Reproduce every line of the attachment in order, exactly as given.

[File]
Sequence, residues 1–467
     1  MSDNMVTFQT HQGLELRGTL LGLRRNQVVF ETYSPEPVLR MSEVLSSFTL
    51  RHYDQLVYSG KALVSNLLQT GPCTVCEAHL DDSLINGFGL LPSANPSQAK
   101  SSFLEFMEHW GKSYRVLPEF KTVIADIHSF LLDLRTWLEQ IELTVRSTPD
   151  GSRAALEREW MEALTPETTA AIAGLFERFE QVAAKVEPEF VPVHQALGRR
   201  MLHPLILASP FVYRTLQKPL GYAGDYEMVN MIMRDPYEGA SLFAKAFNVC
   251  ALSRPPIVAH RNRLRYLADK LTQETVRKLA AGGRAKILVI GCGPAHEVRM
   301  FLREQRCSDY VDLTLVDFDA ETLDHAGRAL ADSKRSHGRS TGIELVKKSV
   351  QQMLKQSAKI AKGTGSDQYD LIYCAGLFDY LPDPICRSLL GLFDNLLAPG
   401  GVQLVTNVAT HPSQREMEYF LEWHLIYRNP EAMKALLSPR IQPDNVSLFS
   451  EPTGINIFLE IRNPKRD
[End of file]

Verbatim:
Sequence, residues 1–467
     1  MSDNMVTFQT HQGLELRGTL LGLRRNQVVF ETYSPEPVLR MSEVLSSFTL
    51  RHYDQLVYSG KALVSNLLQT GPCTVCEAHL DDSLINGFGL LPSANPSQAK
   101  SSFLEFMEHW GKSYRVLPEF KTVIADIHSF LLDLRTWLEQ IELTVRSTPD
   151  GSRAALEREW MEALTPETTA AIAGLFERFE QVAAKVEPEF VPVHQALGRR
   201  MLHPLILASP FVYRTLQKPL GYAGDYEMVN MIMRDPYEGA SLFAKAFNVC
   251  ALSRPPIVAH RNRLRYLADK LTQETVRKLA AGGRAKILVI GCGPAHEVRM
   301  FLREQRCSDY VDLTLVDFDA ETLDHAGRAL ADSKRSHGRS TGIELVKKSV
   351  QQMLKQSAKI AKGTGSDQYD LIYCAGLFDY LPDPICRSLL GLFDNLLAPG
   401  GVQLVTNVAT HPSQREMEYF LEWHLIYRNP EAMKALLSPR IQPDNVSLFS
   451  EPTGINIFLE IRNPKRD